• Clostridium genus: Endospores from species in this genus are known to swell the rods they form. All species are catalase negative. Many species ferment carbohydrates actively, producing acids (usually including butyric acid) and gases (usually hydrogen and carbon dioxide). Different species can be mesophilic, thermophilic, and proteolytic or not. C. thermosaccharolyticum is an example of a saccharolytic obligate thermophile; this organism causes gaseous spoilage of canned vegetables. Mesophilic, proteolytic species such as C. lentoputrescens* or C. putrefaciens are often responsible for food putrefaction. C. perfringens and similar species can cause a violent disruption of the milk curd, leading to lactatefermenting. Late gas is caused by C. butyricum in cured cheese. Clostridium species are primarily found in the soil, but they can also be found in bad silage, feeds and manure.
  • Genus Corynebacterium: The diphtheria organism C. diptheriae can be transmitted by food. C. bovis is characterized by the clubbed, barred or slender rods that are characteristic of the genus. It can be found in aseptically distilled milk and could be a source of bovine mastitis.
  • Genus Desulfotomaculum: A rod that is gram-negative and swells when there is an endospore. These are common in soil, freshwater, and rumen. Sulfur compounds can be used as terminal electron acceptors in respiration, and thereby reduce to hydrogen sulfide. C. nigrificans is responsible for the sulfide stinker spoilage of canned foods.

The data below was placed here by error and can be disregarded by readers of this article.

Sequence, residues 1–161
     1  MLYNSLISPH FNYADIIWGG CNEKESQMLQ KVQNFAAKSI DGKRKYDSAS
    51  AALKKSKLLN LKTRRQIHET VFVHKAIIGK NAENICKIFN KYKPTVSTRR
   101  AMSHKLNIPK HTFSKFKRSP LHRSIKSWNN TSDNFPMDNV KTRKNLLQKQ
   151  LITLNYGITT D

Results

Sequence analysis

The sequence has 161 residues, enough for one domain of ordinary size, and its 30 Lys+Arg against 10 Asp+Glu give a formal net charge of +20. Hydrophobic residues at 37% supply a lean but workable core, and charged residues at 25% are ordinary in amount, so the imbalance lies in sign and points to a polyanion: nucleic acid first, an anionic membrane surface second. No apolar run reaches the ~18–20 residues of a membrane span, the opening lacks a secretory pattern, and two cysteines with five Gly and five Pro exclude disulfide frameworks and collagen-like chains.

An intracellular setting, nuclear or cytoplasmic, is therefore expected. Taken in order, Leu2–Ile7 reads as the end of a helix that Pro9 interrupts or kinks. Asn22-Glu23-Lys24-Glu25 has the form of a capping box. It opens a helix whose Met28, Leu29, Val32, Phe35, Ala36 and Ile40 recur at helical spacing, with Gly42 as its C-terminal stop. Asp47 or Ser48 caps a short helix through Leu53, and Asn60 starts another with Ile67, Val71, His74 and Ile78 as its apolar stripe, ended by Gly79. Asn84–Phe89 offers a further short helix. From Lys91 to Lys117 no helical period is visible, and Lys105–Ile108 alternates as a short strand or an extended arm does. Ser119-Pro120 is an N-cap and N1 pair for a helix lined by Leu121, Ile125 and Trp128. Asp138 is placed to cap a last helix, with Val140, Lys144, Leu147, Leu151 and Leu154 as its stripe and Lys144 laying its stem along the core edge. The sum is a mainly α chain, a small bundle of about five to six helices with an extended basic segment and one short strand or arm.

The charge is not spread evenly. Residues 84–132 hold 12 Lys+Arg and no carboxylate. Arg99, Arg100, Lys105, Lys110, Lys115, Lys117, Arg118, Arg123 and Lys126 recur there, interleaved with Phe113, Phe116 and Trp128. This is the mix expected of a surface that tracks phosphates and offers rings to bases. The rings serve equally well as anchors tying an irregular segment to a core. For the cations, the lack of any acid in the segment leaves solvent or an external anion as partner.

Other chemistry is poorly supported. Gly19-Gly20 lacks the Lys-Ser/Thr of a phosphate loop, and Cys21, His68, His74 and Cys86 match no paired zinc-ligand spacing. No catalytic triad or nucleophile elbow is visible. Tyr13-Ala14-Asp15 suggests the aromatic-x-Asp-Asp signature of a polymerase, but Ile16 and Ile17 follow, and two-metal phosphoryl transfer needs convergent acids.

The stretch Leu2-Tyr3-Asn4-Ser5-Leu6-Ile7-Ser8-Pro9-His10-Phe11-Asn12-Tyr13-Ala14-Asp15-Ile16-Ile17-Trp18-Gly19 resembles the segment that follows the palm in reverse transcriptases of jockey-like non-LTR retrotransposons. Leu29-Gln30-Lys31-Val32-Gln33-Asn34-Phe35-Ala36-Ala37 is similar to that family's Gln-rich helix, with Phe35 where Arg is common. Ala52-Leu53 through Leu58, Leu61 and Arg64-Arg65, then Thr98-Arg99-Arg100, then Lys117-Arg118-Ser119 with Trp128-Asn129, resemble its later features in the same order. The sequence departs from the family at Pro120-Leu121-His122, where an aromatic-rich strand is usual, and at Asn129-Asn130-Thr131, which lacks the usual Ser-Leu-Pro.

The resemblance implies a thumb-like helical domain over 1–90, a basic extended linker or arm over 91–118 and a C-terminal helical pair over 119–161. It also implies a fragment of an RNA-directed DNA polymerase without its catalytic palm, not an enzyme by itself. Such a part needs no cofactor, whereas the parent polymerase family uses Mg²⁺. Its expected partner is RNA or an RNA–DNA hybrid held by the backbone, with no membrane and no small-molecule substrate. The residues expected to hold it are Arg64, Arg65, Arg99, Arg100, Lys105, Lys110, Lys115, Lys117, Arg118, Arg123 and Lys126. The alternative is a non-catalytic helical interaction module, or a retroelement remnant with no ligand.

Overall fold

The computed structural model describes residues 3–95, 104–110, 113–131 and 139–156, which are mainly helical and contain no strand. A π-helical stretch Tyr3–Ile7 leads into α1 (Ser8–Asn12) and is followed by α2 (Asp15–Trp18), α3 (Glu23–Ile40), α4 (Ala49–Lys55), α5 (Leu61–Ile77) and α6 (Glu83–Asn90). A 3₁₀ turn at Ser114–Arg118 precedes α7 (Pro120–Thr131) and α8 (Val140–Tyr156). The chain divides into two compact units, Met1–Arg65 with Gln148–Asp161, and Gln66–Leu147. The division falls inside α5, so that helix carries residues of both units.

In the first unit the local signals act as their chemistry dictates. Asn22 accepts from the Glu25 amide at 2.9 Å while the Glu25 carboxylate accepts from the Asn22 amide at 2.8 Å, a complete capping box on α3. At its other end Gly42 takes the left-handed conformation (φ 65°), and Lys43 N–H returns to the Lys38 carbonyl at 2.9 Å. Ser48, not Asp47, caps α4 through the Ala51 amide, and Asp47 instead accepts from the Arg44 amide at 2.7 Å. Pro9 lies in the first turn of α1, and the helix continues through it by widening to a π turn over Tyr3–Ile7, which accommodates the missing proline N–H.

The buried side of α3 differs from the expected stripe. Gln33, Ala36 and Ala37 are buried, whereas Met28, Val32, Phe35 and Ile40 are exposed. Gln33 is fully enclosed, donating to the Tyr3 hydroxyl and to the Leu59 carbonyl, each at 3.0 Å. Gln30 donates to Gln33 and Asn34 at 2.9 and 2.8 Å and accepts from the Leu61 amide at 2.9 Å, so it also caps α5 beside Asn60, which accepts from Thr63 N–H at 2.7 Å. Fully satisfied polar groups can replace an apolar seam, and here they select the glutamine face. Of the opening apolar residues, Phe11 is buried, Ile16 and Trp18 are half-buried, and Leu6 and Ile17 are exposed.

• Genus Enterobacter: Some of them were once classified as Aerobacter. They are widespread in nature and a member the coliform group.
  • Genus Erwinia – This genus includes plant pathogens that cause necrosis and galls in plants, as well as soft rots. These plants can also damage vegetable and fruit products. E. carotovora can be associated with “bacterial soft rot”, a market disease. E. carotovora subsp. carotovora is responsible for rotting of many plants. E. carotovora subsp. atroseptica causes black rot in potatoes. E. carotovora subsp. betavasculorum* causes soft-rot in sugar beets.
  • Genus Escherichia – A predominant gram-negative rod that is found in the feces of warm-blooded mammals and widely distributed in nature. The genus Escherichia is one of the “coliform groups” and can be pathogenic to people. It is broken into several biotypes or serotypes.
  • Genus Flavobacterium : This genus’ yellow-to-orange-pigmented species can cause discoloration on meat surfaces and may also spoil eggs, milk, and shellfish. Some of these organisms can be psychrotrophic, and they have been observed growing on frozen vegetables. Some Flavobacterium species were included in the genus Halobacterium.